By Art Menius 1/19/2012
Word this afternoon is that we lost another pioneer of 20th Century American music at age 90.
Calling Johnny Otis “The White Godfather of Rhythm & Blues” or the composer of “Willie and the Hand Jive” hardly does justice to a life led fully, robustly, and well. Otis was came as close as anyone to being a Renaissance man during the last century. Otis kept a performing career as band leader and piano player going for 70 years, just like his marriage. He played on records from folks ranging from Lester Young to Johnny Ace. When he cuts his 16 piece jump band down to a small ensemble, R&B was in full form. His “Harlem Nocturn” was one of the first hits for the new form in 1946.
Otis was a father with Shuggie achieving his own fame as a musician.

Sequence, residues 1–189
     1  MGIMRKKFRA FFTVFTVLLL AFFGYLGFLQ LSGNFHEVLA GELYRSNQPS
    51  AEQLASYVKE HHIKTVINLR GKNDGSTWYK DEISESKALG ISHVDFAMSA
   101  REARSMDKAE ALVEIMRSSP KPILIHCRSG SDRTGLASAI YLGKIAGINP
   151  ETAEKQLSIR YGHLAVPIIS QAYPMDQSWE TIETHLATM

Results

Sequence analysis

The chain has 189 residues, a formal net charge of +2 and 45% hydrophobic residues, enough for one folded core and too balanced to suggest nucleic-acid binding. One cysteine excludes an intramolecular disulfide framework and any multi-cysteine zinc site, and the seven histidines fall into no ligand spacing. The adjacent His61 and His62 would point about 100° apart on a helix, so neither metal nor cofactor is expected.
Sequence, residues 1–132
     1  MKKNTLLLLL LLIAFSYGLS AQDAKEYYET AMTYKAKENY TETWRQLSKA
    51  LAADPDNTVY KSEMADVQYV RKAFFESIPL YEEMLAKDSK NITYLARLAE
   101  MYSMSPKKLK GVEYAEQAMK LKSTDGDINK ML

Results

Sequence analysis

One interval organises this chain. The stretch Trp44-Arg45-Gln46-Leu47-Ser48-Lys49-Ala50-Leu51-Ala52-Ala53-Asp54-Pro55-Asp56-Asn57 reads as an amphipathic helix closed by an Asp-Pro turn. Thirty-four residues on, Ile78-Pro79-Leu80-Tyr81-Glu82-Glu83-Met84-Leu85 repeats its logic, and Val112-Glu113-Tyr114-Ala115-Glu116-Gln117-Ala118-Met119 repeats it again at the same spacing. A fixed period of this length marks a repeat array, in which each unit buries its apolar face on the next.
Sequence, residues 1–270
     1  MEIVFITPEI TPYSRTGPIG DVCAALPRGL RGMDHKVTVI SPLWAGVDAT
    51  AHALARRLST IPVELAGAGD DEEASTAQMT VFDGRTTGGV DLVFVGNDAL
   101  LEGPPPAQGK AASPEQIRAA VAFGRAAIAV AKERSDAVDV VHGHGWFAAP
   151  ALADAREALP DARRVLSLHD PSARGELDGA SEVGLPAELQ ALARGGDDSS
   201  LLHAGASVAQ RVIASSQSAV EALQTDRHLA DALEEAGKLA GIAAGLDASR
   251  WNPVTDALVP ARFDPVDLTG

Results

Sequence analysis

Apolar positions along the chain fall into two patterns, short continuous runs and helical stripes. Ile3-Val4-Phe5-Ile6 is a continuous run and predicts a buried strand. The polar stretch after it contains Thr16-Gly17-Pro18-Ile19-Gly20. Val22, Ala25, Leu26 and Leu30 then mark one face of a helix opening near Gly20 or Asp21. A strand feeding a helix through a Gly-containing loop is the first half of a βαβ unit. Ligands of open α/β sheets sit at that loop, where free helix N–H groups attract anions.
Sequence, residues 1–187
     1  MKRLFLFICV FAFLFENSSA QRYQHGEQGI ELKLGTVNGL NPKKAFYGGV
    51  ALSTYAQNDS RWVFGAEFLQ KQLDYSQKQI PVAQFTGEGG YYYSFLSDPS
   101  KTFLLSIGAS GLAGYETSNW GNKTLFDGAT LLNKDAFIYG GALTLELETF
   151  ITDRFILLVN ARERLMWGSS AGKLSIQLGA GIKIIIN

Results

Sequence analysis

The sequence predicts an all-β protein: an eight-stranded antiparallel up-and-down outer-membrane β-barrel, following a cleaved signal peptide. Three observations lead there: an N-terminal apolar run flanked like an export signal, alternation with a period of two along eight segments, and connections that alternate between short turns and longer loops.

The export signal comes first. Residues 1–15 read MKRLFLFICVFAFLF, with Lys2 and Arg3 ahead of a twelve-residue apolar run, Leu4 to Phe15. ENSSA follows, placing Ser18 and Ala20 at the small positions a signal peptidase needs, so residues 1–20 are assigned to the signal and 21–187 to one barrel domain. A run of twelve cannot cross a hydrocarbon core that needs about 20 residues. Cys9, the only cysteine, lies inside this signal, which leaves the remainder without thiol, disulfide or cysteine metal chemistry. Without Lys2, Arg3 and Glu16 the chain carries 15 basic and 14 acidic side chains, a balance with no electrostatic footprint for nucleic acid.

He bagan his career on radio as an R&B DJ in the 1950s and moved on the LA TV, then spent thirty years hosting an oldies show on Pacifica’s KPFK until 2005.
Along the way he had time to work as a preacher during the 1970s in addition to being a serious visual artist (paintings and sculpture). He even found time to serve as deputy chief of staff for a US Congressman.
Concerned for the environment, in his 70s, Otis became a large scale organic farmer and opened an organic grocery.
Otis is one of the last exemplars of Americans of a certain generation born between the wars who embraced African-American life, who, in Otis’ words became “black by persuasion.” This effect of the Jazz Age was an essential forerunner of the Civil Rights Movement.
Johnnie Otis was a social activist and author whose four books addressed topics as diverse as his musical career, cooking, and the Watts riots of 1965. The latter was a supportive note from someone who has suffered through the KKK burning a cross on his lawn. His activism, according to NPR today, prevented Otis from achieving the mainstream success of a Dick Clark or Kasey Kassem.
Johnny Otis was the epitome of a certain kind of brave, visionary 20th Century American.